Yesterday was the day when Tesla Motors, as a public company, had to unveil their financial report to the shareholders and the world.
Unlike many automakers who have a full-lineup of automobiles to market, Tesla Motors has just one, the Model S. Also unlike most automakers, the youngest in the US of which is some ninety years old, Tesla Motors is just a baby by comparison.
When these other automakers want to develop a new model, it costs tens of millions of dollars, because most of their systems and processes are already in place. In the case of Tesla Motors, conjuring a new vehicle into existence, from the aluminum body tooling to developing and assembling the fully-electric powertrain in-house, this has cost hundreds of millions of dollars.
Strictly from a red-black financial-report perspective, this might seem like a bad deal, but Elon Musk, and his many admirers, specifically those who want his Tesla Model S, are willing to take the risk, and Mr. Musk has staked his business plan on being able to build an electric vehicle that people actually want to drive. Last night, the Tesla Motors 2012 financial report was released, and of course, we expected to see plenty of capital expenses getting ready for full production of the Model S, and just a few actual vehicle deliveries.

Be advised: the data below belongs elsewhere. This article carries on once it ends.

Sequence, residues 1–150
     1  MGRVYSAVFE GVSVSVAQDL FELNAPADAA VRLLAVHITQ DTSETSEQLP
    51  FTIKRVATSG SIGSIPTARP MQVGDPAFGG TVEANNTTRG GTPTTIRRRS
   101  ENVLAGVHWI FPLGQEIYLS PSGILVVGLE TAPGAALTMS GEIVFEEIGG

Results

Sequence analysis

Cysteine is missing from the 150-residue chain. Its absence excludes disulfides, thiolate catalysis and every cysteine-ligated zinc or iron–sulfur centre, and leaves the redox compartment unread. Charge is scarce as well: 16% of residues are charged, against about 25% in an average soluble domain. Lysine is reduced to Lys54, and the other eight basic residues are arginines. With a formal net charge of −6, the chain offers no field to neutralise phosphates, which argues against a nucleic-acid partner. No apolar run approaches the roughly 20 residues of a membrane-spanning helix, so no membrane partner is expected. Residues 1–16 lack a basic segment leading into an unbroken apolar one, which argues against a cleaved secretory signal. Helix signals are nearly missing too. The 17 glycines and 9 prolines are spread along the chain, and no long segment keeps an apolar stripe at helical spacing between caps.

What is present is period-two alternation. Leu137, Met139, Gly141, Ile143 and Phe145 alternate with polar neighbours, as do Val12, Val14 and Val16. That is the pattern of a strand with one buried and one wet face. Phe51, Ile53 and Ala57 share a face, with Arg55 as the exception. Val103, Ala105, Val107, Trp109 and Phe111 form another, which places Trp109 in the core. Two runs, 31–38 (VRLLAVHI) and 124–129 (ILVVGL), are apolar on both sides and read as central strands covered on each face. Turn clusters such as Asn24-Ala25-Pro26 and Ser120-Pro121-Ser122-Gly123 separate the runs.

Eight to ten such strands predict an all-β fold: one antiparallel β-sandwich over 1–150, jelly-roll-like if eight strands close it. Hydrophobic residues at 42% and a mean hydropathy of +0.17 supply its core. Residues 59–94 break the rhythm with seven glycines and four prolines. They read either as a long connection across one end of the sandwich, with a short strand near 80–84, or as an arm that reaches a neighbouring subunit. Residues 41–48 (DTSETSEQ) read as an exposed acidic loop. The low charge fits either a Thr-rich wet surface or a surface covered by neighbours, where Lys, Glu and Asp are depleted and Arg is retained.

The full-year numbers look fair, totaling $413 million in revenue, 200% of that in 2011, but $396 million in losses. What’s interesting is that 4th quarter 2012 revenue was $306 million, five times more than 3rd quarter. About 2,400 Model S were delivered, starting in June, through the end of the year. Now that Tesla Motors has gotten their production schedule going full speed, they’ll be spending less on development, and we’ll be looking to see about 20,000 Model S roll out into customer garages this year. Additionally, Model S sales will start in Europe and Asia later this year.